The severity of the COVID-19 pandemic and the subsequent torrent of research has brought a simmering debate about how respiratory infectious diseases are transmitted to a boil, in full view of the public. The words airborne, aerosol, and droplets are now part of the daily news—but, why?
Over the last decade there have been calls within the scientific community to change the vocabulary of disease transmission routes for respiratory infectious diseases because the definitions of airborne and droplet transmission routes, which came into use in the mid-1950s, are not supported by emergent evidence. People with respiratory infectious disease release pathogens from the respiratory tract, typically in droplets of respiratory fluids. Airborne transmission is the event that small droplets containing pathogens are inhaled by a susceptible person who is far away from the infectious person. Droplet transmission is the event that large droplets project onto the facial mucous membranes when the susceptible person is close to the infectious source, e.g. a cough in the face. These airborne and droplet transmission definitions fail because we now have very good evidence that the distinctions by droplet size and distance from the infectious source are artificial. Respiratory fluids are emitted in droplets that vary widely in size, small droplets can be inhaled by people close to the source, and the distance over which small and large droplets are transported is highly variable, dependent upon environmental conditions. To address the gap between airborne and droplet transmission, some scientists have proposed a third route: short-range airborne transmission. Others, myself included, have advocated replacing the two routes with a new concept: aerosol transmission.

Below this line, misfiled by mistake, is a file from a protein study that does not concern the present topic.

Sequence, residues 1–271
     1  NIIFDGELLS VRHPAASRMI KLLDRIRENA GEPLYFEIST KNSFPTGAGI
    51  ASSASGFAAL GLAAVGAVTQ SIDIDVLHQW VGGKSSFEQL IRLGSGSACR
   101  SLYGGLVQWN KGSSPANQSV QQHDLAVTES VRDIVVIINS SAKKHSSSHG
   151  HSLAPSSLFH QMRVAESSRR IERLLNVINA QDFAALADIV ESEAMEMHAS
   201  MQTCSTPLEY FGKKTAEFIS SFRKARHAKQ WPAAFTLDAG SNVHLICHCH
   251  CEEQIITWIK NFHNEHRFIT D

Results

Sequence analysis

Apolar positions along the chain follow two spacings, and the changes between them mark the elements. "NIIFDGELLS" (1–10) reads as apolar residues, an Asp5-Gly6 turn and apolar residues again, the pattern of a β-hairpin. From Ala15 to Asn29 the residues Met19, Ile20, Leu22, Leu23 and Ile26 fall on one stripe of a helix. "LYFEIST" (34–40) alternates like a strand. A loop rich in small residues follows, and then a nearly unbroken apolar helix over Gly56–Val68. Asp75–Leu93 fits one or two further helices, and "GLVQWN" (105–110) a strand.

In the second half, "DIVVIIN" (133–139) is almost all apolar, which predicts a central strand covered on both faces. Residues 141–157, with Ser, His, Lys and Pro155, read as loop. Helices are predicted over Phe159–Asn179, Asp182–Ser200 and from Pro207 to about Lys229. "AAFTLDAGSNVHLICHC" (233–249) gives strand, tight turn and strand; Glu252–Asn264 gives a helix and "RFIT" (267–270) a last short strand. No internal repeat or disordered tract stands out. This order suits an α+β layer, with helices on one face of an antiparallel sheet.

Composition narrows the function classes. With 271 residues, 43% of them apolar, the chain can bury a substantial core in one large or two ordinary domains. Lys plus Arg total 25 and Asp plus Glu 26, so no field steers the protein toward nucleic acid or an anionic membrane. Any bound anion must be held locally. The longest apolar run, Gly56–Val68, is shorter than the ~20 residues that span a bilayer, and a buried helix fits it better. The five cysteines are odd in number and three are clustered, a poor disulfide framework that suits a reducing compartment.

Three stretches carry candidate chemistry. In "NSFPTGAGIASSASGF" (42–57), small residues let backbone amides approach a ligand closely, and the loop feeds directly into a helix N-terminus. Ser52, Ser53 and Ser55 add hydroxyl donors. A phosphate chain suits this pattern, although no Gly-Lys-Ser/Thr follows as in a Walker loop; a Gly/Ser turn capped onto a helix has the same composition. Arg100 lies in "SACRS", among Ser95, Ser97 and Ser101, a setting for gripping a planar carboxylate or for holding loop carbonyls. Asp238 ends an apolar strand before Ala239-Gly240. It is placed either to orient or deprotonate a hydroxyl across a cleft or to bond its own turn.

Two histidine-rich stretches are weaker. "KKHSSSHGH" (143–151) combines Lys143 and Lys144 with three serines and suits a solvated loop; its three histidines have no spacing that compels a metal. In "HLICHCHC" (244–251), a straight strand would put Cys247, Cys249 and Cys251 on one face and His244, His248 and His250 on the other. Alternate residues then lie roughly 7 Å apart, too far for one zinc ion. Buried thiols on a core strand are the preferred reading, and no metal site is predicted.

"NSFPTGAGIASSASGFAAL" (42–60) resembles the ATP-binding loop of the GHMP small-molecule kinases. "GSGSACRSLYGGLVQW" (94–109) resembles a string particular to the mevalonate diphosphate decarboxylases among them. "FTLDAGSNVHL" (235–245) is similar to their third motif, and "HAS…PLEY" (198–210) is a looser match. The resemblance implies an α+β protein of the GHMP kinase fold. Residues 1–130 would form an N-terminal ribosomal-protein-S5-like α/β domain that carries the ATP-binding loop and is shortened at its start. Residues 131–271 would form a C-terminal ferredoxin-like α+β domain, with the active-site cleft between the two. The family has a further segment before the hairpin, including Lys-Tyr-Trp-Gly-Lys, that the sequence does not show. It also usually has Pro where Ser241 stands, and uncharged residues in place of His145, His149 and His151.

Simultaneously, there has been a debate about which transmission route or routes are dominant for certain infectious diseases. For most viral respiratory pathogens, the convention is that droplet and contact transmission are more important than airborne transmission. Evidence, particularly that which has emerged from research on influenza and SARS, has led to recognition that some viral respiratory pathogens may be transmitted through the airborne or aerosol route. That is, virus inhalation can result in infection. Regarding COVID-19, the evidence of airborne or aerosol transmission has become overwhelmingly persuasive to many in the scientific community, leading to vocal criticism of public health organizations like the World Health Organization and the United States Centers for Disease Control and Prevention which argued, at least initially, against this possibility.
Identifying the transmission route of an infectious disease, including COVID-19, is not an esoteric scientific question because it is the transmission route that drives the infection prevention and control strategies. Consistent with initial determinations that COVID-19 is transmitted through the droplet and contact routes, the primary public health interventions were physical barriers, physical distancing, face shields, and hand hygiene. Later, cloth masks were added. These strategies have little impact on the movement of small droplets that can be inhaled, though new research suggests that cloth masks can prevent the emission and inhalation of small droplets. The performance of cloth masks (and surgical or medical masks), however, is meaningfully inferior to that of respirators, including N95 or FFP2 filtering facepiece respirators.
Acknowledging the contribution of airborne or aerosol transmission to COVID-19 requires that we take different precautions to protect workers, including the use respirators to prevent inhalation of respiratory droplets (large and small), and ventilation or filtration devices that capture respiratory droplets at the source or while traveling through the air. While updating the disease transmission paradigm during a global pandemic may seem overwhelming, we owe it to the workers who sustain the functions of daily living and are at risk of COVID-19—and a myriad of endemic and future pandemic diseases—to use the best, current scientific evidence to guide prevention strategies.
Feature image: CDC/ Debora Cartagena 2013.